Book Review: The Officer and the Secret by Jeanette Murray

The Officer and the Secret by Jeanette Murray is third book of the Semper Fi Series, although it works fine as a stand alone novel. Since this is the only book I have read in the series I noticed that the only things I missed out on is some of the back story for this particular circle of friends. Captain Dwayne Robertson has just returned home from a rough deployment and just needs some down time and normalcy. A surprise party and the inclusion of Veronica Gibson, his Skype buddy that helped keep him steady during his time overseas, throws him off-kilter more than he cares to admit. As Dwayne struggles with readjusting to home life he gets closer to Veronica, but they each carry their fair share of baggage and a Veronica's silence about her past and present might be more than Dwayne can handle. An unexpected complication could force them to lay their cards on the table, or drive them apart.

The Officer and the Secret starts of with a previously established attraction between Dwayne and Veronica, but both keeping their distance for various reasons. I found Dwayne's friendships and issues acclimating to life at home realistic. His Post Traumatic Stress symptoms were true to life, and neither downplayed or over done. I liked his honesty and willingness to work on his issues. He seed to be a playful, but charming, gentleman in every sense of the word. Veronica's past and efforts to fit in are a little harder for me to swallow. I suppose there are those out there living her kind of life, but her efforts to hide her unusual childhood and struggles to better herself seem a little out of character when paired with her honesty in other aspects of her life. But, I have never been in her position or met anyone that has, so as far as I know that could be exactly how someone would behave and think. I think the final additions of Dwayne's previous relationship issue, and the ultimate complication at the end, were unnecessary in the grand scheme of things, but did force the pair to finally work things out and find their happily ever after. As with most real relationships, I felt like if they had just sat down and had a serious conversation at some point, without anyone glossing over what they wanted to hide, everything could have been resolved and everyone happy much sooner in the story.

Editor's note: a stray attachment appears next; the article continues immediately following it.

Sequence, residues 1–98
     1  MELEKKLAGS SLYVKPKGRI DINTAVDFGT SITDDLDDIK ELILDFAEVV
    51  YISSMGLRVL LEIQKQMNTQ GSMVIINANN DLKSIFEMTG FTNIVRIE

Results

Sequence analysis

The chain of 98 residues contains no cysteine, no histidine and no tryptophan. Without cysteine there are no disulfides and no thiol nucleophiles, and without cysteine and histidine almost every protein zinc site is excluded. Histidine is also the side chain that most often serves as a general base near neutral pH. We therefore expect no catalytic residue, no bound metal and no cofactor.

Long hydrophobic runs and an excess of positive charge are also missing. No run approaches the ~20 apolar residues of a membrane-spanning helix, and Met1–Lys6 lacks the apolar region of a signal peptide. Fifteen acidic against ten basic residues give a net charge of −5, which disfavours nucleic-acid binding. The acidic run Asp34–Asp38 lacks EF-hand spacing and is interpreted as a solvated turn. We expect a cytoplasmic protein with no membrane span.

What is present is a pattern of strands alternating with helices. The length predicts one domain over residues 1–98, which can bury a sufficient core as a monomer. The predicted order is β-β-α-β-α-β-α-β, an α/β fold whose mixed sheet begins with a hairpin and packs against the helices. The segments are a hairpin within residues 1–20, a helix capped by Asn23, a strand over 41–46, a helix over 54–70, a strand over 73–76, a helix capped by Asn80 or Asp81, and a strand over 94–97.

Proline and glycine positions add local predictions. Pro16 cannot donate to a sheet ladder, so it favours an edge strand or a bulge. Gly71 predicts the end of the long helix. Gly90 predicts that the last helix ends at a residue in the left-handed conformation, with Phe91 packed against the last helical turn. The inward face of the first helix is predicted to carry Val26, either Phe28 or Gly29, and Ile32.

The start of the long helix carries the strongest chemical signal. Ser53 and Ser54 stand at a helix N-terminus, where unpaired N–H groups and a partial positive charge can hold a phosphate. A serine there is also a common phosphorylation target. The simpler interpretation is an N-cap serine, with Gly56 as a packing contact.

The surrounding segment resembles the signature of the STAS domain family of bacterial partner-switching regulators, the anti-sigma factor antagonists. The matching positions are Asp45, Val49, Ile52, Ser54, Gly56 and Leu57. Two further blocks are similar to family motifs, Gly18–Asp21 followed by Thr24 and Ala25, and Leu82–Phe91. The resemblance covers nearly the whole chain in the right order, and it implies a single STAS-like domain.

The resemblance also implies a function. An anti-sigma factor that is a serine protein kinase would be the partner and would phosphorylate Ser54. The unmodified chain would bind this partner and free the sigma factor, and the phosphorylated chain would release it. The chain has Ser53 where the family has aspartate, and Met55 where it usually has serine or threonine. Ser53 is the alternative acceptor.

The Officer and the Secret is a contemporary romance with characters that felt real, at least for the most part. I felt that it could have gone deeper with the original issues the main characters faced in coming together, without as much time and a larger crisis taking part in the story. However, it was still a fun summer read and one that I thing will appeal to fans of the author, particularly those that have enjoyed the previous two books in this series.
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